Ageism most common form of discrimination in the office

The most common form of discrimination in the workplace is ageism.

This was discovered by ADP, an American provider of HR management software and services, who found that 8 per cent of employees say they have experienced age discrimination at work. Ageism is felt more by younger workers, with 19 per cent of 18-24-year-olds saying they are most likely to be affected by this.

Gender and appearance discrimination come in second and third at 7 per cent and 6 per cent.

Only a third (33 per cent) of workers feel comfortable raising a complaint if they experience discrimination at work.

List of reasons why staff can feel discriminated against are:

  • Race
  • Religion
  • Disability
  • Education,
  • Background,
  • Mental health
  • Family circumstances
  • Neurological differences

However, 73 per cent of employees say they have never felt discriminated against at work.

Jeff Phipps, managing director at ADP, said:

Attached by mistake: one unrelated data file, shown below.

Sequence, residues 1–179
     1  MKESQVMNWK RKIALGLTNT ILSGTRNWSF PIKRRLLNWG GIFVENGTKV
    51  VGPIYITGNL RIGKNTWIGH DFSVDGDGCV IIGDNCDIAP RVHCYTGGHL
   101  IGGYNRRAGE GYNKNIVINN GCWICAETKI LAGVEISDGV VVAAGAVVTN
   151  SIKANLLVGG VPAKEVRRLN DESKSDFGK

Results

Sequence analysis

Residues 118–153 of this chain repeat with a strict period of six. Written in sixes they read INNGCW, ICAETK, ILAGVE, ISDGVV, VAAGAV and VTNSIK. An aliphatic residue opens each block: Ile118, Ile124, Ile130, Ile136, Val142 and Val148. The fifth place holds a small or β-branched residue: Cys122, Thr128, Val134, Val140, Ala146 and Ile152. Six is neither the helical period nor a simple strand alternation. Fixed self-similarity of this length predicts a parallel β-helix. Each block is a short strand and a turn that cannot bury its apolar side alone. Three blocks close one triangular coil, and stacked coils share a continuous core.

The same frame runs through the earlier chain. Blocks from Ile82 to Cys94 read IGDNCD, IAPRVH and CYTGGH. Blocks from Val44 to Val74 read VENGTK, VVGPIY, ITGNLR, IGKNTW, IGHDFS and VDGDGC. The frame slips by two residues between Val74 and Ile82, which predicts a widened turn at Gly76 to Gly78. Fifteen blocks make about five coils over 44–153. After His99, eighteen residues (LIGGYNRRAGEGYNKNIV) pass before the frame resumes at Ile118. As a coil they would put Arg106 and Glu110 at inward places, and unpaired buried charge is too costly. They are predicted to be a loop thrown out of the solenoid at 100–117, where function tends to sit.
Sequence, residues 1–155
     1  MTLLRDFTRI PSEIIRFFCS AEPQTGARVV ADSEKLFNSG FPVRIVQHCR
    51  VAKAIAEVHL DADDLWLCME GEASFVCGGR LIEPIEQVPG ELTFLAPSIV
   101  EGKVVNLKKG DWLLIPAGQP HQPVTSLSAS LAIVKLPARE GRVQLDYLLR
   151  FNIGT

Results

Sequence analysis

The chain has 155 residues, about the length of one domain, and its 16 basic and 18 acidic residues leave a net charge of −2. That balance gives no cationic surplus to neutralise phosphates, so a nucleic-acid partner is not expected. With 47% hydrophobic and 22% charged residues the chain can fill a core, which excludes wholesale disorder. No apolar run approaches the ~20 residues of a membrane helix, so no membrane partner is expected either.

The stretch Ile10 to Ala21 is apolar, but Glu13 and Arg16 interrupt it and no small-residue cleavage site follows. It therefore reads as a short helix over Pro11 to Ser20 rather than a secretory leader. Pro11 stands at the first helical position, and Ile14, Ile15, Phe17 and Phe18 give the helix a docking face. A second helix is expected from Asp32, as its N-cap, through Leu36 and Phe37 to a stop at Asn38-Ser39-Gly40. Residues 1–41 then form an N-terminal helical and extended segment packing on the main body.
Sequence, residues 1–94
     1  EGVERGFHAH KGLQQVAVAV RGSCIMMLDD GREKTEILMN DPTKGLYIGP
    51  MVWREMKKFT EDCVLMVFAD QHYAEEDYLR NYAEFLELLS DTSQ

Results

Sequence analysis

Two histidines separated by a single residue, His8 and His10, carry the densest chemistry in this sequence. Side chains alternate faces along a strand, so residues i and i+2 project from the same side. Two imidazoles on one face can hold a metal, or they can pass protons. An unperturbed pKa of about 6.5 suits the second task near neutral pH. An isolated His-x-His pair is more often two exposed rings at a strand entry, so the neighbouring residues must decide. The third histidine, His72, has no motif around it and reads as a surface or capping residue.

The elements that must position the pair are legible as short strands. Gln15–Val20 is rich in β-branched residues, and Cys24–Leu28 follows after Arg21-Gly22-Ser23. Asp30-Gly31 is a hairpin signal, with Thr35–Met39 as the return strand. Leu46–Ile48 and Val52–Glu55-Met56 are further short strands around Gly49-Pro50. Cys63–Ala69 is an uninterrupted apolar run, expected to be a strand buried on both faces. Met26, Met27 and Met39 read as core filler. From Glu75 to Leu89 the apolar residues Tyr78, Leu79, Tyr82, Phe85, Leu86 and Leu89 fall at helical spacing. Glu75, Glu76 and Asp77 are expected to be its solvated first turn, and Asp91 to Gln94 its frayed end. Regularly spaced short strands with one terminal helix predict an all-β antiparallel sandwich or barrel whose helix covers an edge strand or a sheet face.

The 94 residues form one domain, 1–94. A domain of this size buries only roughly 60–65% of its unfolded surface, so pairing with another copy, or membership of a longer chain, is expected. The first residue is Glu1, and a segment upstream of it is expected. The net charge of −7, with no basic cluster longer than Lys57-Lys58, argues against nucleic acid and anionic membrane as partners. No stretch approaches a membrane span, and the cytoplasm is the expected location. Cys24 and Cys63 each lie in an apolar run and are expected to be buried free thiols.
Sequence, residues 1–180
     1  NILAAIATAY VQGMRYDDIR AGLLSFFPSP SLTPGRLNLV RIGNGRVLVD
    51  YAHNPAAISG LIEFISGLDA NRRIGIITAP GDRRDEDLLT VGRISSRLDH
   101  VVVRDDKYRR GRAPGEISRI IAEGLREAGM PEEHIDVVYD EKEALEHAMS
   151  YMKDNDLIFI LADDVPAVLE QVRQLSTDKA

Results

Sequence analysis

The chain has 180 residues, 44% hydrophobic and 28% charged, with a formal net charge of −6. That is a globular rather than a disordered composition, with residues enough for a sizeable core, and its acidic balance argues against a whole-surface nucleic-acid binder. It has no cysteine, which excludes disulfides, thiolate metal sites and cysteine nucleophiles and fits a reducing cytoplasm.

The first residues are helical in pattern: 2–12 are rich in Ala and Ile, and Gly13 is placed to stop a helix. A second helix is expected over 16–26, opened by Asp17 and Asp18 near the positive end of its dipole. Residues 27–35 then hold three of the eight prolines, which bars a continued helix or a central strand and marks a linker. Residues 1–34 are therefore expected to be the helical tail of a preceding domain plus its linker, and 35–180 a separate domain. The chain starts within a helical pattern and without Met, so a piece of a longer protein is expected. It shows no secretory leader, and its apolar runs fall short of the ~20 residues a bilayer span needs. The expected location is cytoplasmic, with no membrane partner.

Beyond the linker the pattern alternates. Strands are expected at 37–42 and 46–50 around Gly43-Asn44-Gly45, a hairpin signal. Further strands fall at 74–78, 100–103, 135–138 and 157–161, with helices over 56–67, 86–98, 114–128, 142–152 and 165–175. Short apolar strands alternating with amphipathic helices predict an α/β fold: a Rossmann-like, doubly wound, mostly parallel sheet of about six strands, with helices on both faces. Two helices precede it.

Workplace discrimination has been making headlines in recent years, whether its ageism, religion, disability or racial discrimination. Yet, as shown in the research findings, most employees find it hard to raise claims or are unaware of what to do.

Employers must stay alert to this issue, take a proactive approach to tackle potential prejudice and unconscious bias and ensure equal treatment for all. A lack of adequate protocol or process in some organisations could undermine efforts to increase inclusivity and create a culture of openness.

It is also important to encourage those employees who don’t experience discrimination to support those who do, as discrimination in the workplace can be extremely alienating.

This is especially important as mass moves to remote working in the wake of COVID-19 change workforce dynamics. Policies and procedures may need to adapt accordingly to take account of how workers are being managed and supported in this new and uncertain environment.

Post-pandemic, employers are having to make a lot of difficult decisions very rapidly around strategy, operations and jobs, but they can’t afford to make mistakes that could open them up to calls of discrimination. How businesses are seen to treat workers is more important in tough times than ever for worker morale, but also brand reputation too.

ADP spoke to 11,000 workers globally to gather these results